Eugene Volokh quotes from yesterday’s decision by U.S. District Judge Myron H. Thompson in Planned Parenthood Southeast Inc. v. Strange (M.D. Ala. Aug. 4, 2014). Here’s part of the decision, with some obvious editing by me:
In order to give “real substance to the woman’s
liberty ability to commit murder,” while at the same time fully honoring the State’s ability to pursue, in good faith, its own acknowledged legitimate interests, one of which is to prevent murder, this court concludes that it must hold that this requirement [that all doctors who provide abortions must have staff privileges to perform designated procedures at a local hospital] is unconstitutional. The evidence compellingly demonstrates that the requirement would have the striking result of closing three of Alabama’s five abortion clinics, clinics which perform only early abortions murders, long before viability the births of the children who in almost all cases would have become “viable” fetuses were it not for abortion. Indeed, the court is convinced that , if this requirement would not, in the face of all the evidence in the record, constitute an impermissible undue burden, then almost no regulation, short of those imposing an outright prohibition on abortion, would deny some women their manufactured constitutional right to commit murder….
In deciding this case, the court was struck by a false parallel i
n some respects between the manufactured right of women to decide to t erminate a pregnancy murder defenseless fetuses and the right of the individual to keep and bear firearms, including handguns, in her home for the purposes of self-defense. At its core, each protected right is held by the individual: the manufactured right to decide to have an abortion commit murder and the time-honored right to have and use firearms for self-defense, that is, to prevent murder and other types of crime.
However, neither right can be fully exercised without the assistance of someone else. The manufactured right to
abortion murder a fetus that would almost certainly have become viable cannot be exercised without a medical professional (a misstatement that bolsters my false analogy), and the right to keep and bear arms for defense against murder means little if there is no one from whom to acquire the handgun or ammunition….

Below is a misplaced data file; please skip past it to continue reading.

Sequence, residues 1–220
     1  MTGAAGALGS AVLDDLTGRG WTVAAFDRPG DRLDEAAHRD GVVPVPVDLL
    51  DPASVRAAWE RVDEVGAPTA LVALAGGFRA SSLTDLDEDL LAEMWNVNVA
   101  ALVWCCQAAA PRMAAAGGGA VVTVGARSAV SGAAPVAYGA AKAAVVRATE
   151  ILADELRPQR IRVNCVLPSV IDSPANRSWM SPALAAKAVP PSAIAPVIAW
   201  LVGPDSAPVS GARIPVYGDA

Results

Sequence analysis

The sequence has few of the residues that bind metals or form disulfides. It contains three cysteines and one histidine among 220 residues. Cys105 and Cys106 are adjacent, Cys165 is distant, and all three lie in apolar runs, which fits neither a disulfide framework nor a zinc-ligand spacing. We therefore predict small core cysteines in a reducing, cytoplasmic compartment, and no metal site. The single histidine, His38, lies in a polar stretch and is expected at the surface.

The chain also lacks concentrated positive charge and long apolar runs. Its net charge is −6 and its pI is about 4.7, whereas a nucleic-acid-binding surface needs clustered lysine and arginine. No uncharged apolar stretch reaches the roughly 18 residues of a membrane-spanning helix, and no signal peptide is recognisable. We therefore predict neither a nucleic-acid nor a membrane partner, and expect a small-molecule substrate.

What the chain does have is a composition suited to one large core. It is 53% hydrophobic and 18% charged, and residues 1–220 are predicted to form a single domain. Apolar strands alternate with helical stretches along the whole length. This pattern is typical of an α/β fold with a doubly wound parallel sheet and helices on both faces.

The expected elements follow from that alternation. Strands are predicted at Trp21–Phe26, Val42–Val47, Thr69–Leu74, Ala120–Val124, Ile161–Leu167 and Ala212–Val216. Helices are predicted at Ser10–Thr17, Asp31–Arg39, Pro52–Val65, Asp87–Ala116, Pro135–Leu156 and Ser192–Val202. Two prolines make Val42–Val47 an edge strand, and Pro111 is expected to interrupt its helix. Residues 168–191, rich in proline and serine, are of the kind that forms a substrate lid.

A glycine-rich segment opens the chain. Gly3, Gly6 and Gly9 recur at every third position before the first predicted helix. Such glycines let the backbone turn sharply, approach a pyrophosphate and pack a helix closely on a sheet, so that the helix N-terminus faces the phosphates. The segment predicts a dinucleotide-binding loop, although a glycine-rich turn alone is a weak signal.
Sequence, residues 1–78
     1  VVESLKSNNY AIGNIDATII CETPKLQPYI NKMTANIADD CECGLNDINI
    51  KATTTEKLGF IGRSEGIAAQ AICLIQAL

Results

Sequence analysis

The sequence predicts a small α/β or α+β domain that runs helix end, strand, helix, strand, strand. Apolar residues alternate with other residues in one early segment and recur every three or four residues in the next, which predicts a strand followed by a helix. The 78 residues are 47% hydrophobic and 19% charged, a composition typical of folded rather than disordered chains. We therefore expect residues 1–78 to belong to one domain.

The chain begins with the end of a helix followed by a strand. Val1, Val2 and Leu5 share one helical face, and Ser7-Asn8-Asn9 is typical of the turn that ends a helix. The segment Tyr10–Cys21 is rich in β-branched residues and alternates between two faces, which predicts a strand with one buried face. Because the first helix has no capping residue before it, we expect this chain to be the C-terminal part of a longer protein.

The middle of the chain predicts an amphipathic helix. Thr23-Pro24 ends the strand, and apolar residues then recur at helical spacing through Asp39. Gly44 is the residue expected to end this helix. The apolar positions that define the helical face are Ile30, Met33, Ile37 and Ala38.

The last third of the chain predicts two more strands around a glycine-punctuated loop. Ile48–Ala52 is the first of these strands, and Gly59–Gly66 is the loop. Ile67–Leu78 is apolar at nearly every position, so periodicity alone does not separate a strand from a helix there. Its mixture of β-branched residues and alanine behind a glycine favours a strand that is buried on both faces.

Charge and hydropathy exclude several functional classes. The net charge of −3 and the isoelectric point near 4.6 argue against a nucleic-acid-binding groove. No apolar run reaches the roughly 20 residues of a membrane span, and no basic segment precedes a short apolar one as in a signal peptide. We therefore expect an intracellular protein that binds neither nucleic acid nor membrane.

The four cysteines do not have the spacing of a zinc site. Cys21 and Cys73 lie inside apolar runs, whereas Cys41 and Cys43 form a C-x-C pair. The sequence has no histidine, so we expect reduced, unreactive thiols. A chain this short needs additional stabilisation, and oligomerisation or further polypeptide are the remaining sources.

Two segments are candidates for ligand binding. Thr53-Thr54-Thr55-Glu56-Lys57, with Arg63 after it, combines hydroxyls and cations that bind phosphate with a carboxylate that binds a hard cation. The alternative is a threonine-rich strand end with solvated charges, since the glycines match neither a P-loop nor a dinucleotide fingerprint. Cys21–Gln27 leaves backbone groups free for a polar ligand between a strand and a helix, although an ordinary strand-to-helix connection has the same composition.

With this parallelism in mind, the court poses the hypothetical that suppose, for the
public weal the purpose of depriving citizens of their time-honored right to self defense, the federal or state government were to implement a new restriction on who may sell firearms and ammunition and on the procedure they must employ in selling such goods and that, further, only two vendors in the State of Alabama were capable of complying with the restriction: one in Huntsville and one in Tuscaloosa.
…Similarly, in this case, so long as the Supreme Court continues to recognize a manufactured constitutional right to
choose to terminate a pregnancy murder a defenseless fetus that almost certainly would have become viable, any regulation that would, in effect, restrict the exercise of that right murderous act to only Huntsville and Tuscaloosa should be subject to the same skepticism condemned for not having gone far enough….
Judge Thompson’s patently biased analogy abets barbarism.
P.S. Only after publishing the original post and later making some editorial changes did I learn that Judge Thompson was appointed to the bench by Jimmy Carter. Jimmy must be proud of Myron’s use of twisted logic in the service of left-wing orthodoxy.
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Law, Liberty, and Abortion
Privacy, Autonomy, and Responsibility
Substantive Due Process and the Limits of Privacy
Crimes against Humanity
Abortion and Logic
Abortion, Doublethink, and Left-Wing Blather
Abortion, “Gay Rights,” and Liberty